Yesterday I mentioned that I'd been to the Viking Festival at Largs. We last went there in 2010 and as Mr Click reminded me on Monday, the weather wasn't the best for it. The ground was rather muddy and while we were there they had to bring in extra straw for the ground so people weren't walking around in a sort of muddy soup.
This year could not have been further from that!
The sun was shining, it was warm (though not quite as warm as our trip to Ayr a couple of weeks ago) and as it was a Monday the event wasn't too crowded.
The set up is very much the same as the last time we went. The entry for two adults into the 'village' was £10. I've got a funny feeling it was cheaper in previous years though that may have been due to my being a student then. Either way, it wasn't a killing affair and once you're in there you get a wristband (festival style) which allows you to come and go as much as you want over the course of the day. We went there at the end of our trip to Largs (and my wisdom tooth was trying to kill me) otherwise I think we probably would've popped in again before we left.
It's situated along the seafront, in a fenced off area. The ground is covered in straw and it's populated by both walled huts and tents.
In each hut or tented area there is someone who represents a member of the Viking community, whether they're a craftsperson, an ordinary man or woman, or someone with a bigger role in the village. And they're all really keen to tell you about whoever it is that they 'are'.
One of the first that we visited was the village monk who told us all about how he would stay with a widow in the village. Apparently a widow wouldn't have had a voice in her community as her husband would've been the one who spoke for her. By staying with her, she would provide him with food and a place to sleep, in return he would speak up for her within the village.
I think this was probably my favourite 'Viking' that we spoke to. He had loads of information about how Christians converted the Viking settlers by adapting their myths into Christian stories.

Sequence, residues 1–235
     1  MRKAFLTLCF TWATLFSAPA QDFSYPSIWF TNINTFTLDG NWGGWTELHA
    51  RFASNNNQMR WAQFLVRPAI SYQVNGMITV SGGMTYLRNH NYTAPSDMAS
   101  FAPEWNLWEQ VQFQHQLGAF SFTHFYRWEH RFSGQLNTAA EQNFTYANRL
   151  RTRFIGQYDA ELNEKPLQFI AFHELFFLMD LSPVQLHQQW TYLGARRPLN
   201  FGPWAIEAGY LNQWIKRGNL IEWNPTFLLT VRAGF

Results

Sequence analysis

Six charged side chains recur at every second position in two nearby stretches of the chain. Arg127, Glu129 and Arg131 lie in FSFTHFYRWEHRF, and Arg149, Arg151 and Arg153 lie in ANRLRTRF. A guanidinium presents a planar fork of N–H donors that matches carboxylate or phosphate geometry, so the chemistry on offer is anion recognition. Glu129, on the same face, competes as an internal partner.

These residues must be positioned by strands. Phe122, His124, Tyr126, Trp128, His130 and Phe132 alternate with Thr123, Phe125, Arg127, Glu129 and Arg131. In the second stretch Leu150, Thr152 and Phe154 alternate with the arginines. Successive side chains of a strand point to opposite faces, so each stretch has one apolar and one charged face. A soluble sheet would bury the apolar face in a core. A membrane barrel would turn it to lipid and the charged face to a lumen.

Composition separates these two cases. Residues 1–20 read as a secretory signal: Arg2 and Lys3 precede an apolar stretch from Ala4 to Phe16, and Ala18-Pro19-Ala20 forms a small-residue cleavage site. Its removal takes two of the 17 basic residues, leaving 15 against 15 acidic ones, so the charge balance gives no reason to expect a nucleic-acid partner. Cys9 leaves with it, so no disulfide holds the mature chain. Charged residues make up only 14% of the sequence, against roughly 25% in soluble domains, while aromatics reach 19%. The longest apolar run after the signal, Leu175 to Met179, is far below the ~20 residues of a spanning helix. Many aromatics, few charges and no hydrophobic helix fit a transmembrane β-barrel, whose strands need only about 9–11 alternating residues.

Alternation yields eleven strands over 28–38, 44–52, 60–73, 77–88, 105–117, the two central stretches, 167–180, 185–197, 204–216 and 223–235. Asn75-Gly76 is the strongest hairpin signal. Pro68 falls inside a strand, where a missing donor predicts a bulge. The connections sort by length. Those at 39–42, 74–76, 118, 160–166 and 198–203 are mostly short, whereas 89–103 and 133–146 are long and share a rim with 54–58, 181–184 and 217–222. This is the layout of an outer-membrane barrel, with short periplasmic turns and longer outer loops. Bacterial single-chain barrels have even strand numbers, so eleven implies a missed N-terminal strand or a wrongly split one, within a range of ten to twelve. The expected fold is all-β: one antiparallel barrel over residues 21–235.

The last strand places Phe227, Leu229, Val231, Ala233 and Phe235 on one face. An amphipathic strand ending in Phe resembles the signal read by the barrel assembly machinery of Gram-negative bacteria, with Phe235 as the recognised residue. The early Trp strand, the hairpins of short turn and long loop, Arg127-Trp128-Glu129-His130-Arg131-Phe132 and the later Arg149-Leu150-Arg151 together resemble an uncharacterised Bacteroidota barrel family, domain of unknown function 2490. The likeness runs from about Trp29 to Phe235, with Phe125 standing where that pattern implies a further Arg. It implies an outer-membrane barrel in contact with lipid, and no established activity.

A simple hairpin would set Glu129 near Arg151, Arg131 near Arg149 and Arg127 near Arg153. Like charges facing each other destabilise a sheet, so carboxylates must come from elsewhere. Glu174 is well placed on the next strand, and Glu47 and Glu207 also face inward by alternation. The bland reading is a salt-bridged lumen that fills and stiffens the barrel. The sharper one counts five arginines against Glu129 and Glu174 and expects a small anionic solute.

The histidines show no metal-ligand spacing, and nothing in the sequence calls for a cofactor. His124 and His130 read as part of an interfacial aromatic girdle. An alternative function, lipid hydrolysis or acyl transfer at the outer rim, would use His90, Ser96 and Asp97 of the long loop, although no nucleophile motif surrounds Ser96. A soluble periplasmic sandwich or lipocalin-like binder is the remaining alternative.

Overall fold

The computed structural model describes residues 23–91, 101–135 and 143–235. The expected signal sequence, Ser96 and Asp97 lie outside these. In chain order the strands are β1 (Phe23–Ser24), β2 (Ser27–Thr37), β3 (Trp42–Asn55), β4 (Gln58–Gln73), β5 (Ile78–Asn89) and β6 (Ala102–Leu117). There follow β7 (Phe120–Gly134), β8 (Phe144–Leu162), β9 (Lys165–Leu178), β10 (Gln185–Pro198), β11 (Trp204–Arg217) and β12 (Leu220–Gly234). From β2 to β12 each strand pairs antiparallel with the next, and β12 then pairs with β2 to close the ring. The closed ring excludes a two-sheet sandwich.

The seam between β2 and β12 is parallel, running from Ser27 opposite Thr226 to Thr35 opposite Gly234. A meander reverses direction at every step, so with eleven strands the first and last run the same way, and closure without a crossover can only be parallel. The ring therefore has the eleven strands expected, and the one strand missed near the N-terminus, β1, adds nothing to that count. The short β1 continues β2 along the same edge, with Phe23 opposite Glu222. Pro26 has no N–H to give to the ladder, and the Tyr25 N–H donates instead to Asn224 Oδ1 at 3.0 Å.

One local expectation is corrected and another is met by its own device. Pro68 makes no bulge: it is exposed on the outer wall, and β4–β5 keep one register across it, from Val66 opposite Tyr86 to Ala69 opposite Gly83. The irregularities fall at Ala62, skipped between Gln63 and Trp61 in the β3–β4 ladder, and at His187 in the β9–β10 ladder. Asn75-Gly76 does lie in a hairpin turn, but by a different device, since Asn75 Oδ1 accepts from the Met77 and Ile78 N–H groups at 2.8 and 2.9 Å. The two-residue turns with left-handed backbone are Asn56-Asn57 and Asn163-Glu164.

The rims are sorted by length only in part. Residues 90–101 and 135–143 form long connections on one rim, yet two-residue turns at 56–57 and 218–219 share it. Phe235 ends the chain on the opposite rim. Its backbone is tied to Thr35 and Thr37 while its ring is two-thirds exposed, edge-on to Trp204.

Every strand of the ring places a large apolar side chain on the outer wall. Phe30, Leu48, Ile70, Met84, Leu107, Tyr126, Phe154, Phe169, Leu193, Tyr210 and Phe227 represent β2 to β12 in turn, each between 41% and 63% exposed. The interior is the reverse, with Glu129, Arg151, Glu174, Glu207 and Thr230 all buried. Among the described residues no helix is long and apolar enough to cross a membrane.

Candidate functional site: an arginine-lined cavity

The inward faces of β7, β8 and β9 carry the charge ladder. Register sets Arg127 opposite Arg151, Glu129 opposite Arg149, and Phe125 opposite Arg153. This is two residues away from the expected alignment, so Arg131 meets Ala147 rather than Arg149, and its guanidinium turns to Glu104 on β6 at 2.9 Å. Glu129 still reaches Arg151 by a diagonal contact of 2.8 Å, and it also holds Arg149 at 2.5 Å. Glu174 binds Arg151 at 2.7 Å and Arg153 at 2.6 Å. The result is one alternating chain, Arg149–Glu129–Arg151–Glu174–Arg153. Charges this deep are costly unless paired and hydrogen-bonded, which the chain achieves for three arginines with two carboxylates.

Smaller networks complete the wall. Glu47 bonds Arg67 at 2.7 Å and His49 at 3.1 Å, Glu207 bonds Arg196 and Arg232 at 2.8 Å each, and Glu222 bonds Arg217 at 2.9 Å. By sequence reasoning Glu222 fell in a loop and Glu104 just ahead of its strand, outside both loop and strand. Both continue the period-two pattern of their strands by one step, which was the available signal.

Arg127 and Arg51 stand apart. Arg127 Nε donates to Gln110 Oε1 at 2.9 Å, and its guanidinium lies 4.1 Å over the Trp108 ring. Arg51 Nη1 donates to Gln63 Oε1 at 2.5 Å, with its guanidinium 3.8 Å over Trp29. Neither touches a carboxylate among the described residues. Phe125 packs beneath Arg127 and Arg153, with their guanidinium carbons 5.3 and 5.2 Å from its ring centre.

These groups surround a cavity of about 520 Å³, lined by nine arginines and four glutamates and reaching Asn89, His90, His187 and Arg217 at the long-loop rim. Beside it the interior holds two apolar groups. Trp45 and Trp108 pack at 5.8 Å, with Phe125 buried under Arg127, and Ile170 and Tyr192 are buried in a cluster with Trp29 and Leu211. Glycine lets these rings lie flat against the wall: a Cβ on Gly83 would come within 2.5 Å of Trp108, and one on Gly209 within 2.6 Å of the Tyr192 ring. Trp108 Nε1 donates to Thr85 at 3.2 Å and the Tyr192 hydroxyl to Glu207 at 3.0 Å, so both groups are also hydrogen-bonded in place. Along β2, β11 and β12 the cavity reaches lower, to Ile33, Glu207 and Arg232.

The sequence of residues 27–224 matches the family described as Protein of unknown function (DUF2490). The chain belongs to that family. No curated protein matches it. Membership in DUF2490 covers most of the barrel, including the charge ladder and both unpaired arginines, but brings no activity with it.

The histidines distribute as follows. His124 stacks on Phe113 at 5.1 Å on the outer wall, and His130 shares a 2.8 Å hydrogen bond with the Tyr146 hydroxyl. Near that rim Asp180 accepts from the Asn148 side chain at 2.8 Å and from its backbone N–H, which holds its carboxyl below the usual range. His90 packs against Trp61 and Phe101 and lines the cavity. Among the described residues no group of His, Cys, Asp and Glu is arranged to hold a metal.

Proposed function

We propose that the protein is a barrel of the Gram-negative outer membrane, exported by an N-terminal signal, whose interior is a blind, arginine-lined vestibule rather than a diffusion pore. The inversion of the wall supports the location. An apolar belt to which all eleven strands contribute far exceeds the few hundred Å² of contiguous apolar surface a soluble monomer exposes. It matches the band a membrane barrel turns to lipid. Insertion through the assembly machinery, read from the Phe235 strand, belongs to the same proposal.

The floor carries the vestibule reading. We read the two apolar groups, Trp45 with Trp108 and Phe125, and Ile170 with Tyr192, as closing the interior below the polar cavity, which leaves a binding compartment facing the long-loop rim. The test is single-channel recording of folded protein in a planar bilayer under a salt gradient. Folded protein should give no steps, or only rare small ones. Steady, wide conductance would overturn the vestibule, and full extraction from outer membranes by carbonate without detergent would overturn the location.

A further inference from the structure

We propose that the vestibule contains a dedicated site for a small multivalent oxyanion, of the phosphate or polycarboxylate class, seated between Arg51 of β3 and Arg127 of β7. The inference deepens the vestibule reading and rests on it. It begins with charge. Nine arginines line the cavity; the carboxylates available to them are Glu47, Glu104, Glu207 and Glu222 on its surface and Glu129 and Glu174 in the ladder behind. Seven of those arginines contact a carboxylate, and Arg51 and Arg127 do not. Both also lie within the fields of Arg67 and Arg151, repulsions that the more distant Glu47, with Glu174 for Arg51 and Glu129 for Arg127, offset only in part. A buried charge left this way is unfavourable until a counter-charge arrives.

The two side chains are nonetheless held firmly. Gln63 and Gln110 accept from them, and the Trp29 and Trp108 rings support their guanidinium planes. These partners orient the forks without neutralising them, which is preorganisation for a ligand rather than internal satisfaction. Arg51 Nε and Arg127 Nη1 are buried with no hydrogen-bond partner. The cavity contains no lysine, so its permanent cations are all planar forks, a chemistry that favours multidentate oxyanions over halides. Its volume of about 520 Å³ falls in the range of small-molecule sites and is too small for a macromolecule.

As with the last visit to the village, I couldn't go without buying something. There was a healer with lots of gruesome looking implements which would've been used to help treat illnesses and wounds during the time period. I'm really glad that I didn't live then! I mean, getting my wisdom tooth taken out sounds pretty barbaric but hopefully it'll be nothing compared to some of their treatments.
She also had this adorable little White Faced Scops Owl (who we all thought was a model until she woke up for a stretch)!
She even had her own castle!
I picked myself up a Rose Quartz stone there, seeing as my Rose Quartz bracelet broke last year. Last time I was there I got myself a little rune stone necklace and I was kind of hoping to get one this year but I didn't see any; as soon as I saw the stones I knew I wanted the Rose Quartz one so I was very happy with my purchase.
As before, there were loads of kids there. The kids here are back at school but they all study Vikings at some point or another, so having a village full of them right on your doorstep is too good an opportunity to miss. We ended up skipping some huts, then doubling back on ourselves to fit them in because of the groups of school children who were learning about ancient ways of killing people, ancient ways of cooking, and asking all sorts of insightful questions about the topics ('Could you kill a horse with a bazooka?' 'Probably, but the Vikings didn't have bazookas, did they?')
It was a lovely day out and in a way it kind of felt a little bit like we'd gone back in time to when we were just under a year married, except this time was better.
Would I go back next year?
To be honest, probably not. It was a really enjoyable experience and educational too, but I'm not sure it's the sort of place you need to visit each year. I'd like to go back a little bit sooner than six years time though. There were a whole host of different faces from when we went before so I imagine that in a couple of years time there might be a new rotation of Vikings with new ways of telling their stories about life in the past.
Then again, if I had small people to take with me, I'd not hesitate at taking them along every year because I'm sure it would win them right over. Also it has that educational bonus going for it as well.
It was definitely worth the day trip.